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Anallysis of antacids to find out which is the best commercial antacid

Indigestion? which is the best commercial antacid?

Objectives

  • Measure the quantity of commercial antacid required to neutralize a simulated stomach acid (0.15 M hydrochloric acid) and then compare the effectiveness of several brands of antacids in neutralizing acids.
  • Learn and practice the back-titration method.

Grading

You grade will be determined according to the following:

  • Pre-lab (10%)
  • Lab Report Form (80%)
  • TA points (10%)

Introduction

The parietal cells in the stomach secrete hydrochloric acid at a quite high concentration of about 0.155 M. The flow of HCl increases when food enters the stomach. When you eat or drink too much, your digestive system may generate too much acid. You may develop a condition called "heartburn" or indigestion. Antacids are swallowed to neutralize this excess acid and "relieve" but not eliminate the condition. The reaction that takes place is an acid/base reaction. A small amount of NaOH might be as effective, although rough on the rest of the digestive system, so antacids have been formulated to reduce acidity while avoiding physiological side-effects. Many antacids use CaCO 3 size 12{ ital "CaCO" rSub { size 8{3} } } {} for this purpose.

In addition to the active ingredient (base), tablets may also contain flavors, sweeteners, binders, fillers, antifoam agents, pain relievers (aspirin), etc. In this experiment, the tablets will be analyzed only for their ability to neutralize acids. The base in antacids varies with the brand. Below is an example of active agents in several brands.

  Brand Active Agent Base
Pepto-Bismol BiO ( HOC 6 H 4 COO ) size 12{ ital "BiO" \( ital "HOC" rSub { size 8{6} } H rSub { size 8{4} } ital "COO" \) } {}
Milk of Magnesia Mg ( OH ) 2 size 12{ ital "Mg" \( ital "OH" \) rSub { size 8{2} } } {}
Rolaids NaAl ( OH ) 2 CO 3 size 12{ ital "NaAl" \( ital "OH" \) rSub { size 8{2} } ital "CO" rSub { size 8{3} } } {} (newer tablets: CaCO 3 size 12{ ital "CaCO" rSub { size 8{3} } } {} )
Tums CaCO 3 size 12{ ital "CaCO" rSub { size 8{3} } } {}
Alka-Seltzer II NaHCO 3 size 12{ ital "NaHCO" rSub { size 8{3} } } {} and KHCO 3 size 12{ ital "KHCO" rSub { size 8{3} } } {}
Maalox Mg ( OH ) 2 size 12{ ital "Mg" \( ital "OH" \) rSub { size 8{2} } } {} and Al ( OH ) 3 size 12{ ital "Al" \( ital "OH" \) rSub { size 8{3} } } {}
Gaviscon Al ( OH ) 3 size 12{ ital "Al" \( ital "OH" \) rSub { size 8{3} } } {}

 Acids are neutralized by these bases as illustrated below.

BiO ( HOC 6 H 4 COO ) + 3H + ( aq ) Bi 3 + ( aq ) + H 2 O ( l ) + HOC 6 H 4 COOH ( s ) size 12{ ital "BiO" \( ital "HOC" rSub { size 8{6} } H rSub { size 8{4} } ital "COO" \) +3H rSup { size 8{+{}} } \( ital "aq" \) rightarrow ital "Bi" rSup { size 8{3+{}} } \( ital "aq" \) +H rSub { size 8{2} } O \( l \) + ital "HOC" rSub { size 8{6} } H rSub { size 8{4} } ital "COOH" \( s \) } {}
Mg ( OH ) 2 ( s ) + 2H + ( aq ) Mg 2 + ( aq ) + 2H 2 O ( l ) size 12{ ital "Mg" \( ital "OH" \) rSub { size 8{2} } \( s \) +2H rSup { size 8{+{}} } \( ital "aq" \) rightarrow ital "Mg" rSup { size 8{2+{}} } \( ital "aq" \) +2H rSub { size 8{2} } O \( l \) } {}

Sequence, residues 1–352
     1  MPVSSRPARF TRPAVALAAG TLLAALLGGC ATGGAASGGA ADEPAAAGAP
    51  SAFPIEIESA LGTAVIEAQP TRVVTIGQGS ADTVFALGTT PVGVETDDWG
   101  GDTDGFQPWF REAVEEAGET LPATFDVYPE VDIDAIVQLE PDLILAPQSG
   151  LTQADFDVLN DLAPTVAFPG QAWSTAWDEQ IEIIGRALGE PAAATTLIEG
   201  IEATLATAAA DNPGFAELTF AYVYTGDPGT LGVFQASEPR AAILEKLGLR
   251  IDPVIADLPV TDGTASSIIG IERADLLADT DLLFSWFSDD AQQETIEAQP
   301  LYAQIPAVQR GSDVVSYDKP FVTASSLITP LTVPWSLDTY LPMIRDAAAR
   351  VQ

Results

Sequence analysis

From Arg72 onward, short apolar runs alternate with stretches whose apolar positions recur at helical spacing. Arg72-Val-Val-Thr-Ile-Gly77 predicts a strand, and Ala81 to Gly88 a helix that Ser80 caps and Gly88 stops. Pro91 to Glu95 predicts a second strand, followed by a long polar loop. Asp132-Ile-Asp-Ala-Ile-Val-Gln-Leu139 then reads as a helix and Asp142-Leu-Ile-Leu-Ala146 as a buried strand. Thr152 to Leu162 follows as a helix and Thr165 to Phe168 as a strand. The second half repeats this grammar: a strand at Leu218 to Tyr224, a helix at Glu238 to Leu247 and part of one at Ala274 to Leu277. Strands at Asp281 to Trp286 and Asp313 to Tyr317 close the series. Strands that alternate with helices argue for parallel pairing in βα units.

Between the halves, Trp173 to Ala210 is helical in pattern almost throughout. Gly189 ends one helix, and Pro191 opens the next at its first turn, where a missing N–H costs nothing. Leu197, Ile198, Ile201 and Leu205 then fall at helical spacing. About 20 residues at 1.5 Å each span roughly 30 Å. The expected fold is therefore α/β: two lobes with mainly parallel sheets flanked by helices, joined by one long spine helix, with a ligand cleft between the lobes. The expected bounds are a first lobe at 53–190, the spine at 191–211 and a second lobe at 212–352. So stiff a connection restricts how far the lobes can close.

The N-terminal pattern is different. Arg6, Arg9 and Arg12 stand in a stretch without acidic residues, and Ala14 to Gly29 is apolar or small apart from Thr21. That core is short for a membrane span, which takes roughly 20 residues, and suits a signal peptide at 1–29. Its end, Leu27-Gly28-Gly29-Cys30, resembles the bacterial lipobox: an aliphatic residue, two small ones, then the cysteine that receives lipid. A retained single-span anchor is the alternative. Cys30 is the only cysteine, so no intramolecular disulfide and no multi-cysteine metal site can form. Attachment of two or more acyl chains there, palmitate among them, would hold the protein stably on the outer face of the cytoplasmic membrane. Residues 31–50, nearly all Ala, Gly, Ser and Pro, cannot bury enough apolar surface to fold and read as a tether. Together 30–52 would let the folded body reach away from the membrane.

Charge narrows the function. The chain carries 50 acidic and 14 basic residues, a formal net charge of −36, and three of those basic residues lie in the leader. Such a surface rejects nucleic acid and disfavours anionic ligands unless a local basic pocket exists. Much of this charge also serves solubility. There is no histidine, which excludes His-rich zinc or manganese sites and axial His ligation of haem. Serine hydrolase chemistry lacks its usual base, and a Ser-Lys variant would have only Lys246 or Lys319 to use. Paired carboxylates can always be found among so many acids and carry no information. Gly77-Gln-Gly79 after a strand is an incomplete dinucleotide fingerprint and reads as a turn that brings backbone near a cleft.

Al ( OH ) 3 ( s ) + H + ( aq ) Al ( OH ) 2 + ( aq ) + H 2 O ( l ) size 12{ ital "Al" \( ital "OH" \) rSub { size 8{3} } \( s \) +H rSup { size 8{+{}} } \( ital "aq" \) rightarrow ital "Al" \( ital "OH" \) rSub { size 8{2} } rSup { size 8{+{}} } \( ital "aq" \) +H rSub { size 8{2} } O \( l \) } {}
Al ( OH ) 2 + ( aq ) + H + ( aq ) Al ( OH ) 2 + ( aq ) + H 2 O ( l ) size 12{ ital "Al" \( ital "OH" \) rSub { size 8{2} } rSup { size 8{+{}} } \( ital "aq" \) +H rSup { size 8{+{}} } \( ital "aq" \) rightarrow ital "Al" \( ital "OH" \) rSub { size 8{2} } rSup { size 8{+{}} } \( ital "aq" \) +H rSub { size 8{2} } O \( l \) } {}
CaCO 3 ( s ) + H + ( aq ) Ca 2 + ( aq ) + HCO 3 ( aq ) size 12{ ital "CaCO" rSub { size 8{3} } \( s \) +H rSup { size 8{+{}} } \( ital "aq" \) rightarrow ital "Ca" rSup { size 8{2+{}} } \( ital "aq" \) + ital "HCO" rSub { size 8{3} } rSup { size 8{ - {}} } \( ital "aq" \) } {}
HCO 3 ( aq ) + H + ( aq ) CO 2 ( g ) + H 2 O ( l ) size 12{ ital "HCO" rSub { size 8{3} } rSup { size 8{ - {}} } \( ital "aq" \) +H rSup { size 8{+{}} } \( ital "aq" \) rightarrow ital "CO" rSub { size 8{2} } \( g \) +H rSub { size 8{2} } O \( l \) } {}

In this simple experiment you will find the neutralizing capacity of various commercial antacid tablets. To test their capacity to neutralize acid, we will first dissolve an appropriate and measured amount of the sample in a simulated stomach environment. This is a solution containing a known quantity of HCl that will react with all of the antacid and still leave some extra HCl. Then we will determine how much of the original HCl remains by titrating it to neutrality with a standardized solution of NaOH. Simple subtraction will reveal how much of the acid was neutralized by the antacid tablet. This general method of analysis is called back-titration.

Note: The standardized solutions of NaOH and HCl have been prepared for you. However you need to understand how and why it is done this way. (See Supporting Information on this) Also see notes on Titration Tips.

If N A size 12{N rSub { size 8{A} } } {} is the total number of moles of HCl, and N B size 12{N rSub { size 8{B} } } {} is the number of moles of NaOH needed to back-titrate the excess HCl, then, N sample is the number of moles neutralized by the sample:

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Source:  OpenStax, General chemistry lab spring. OpenStax CNX. Apr 03, 2009 Download for free at http://cnx.org/content/col10506/1.56
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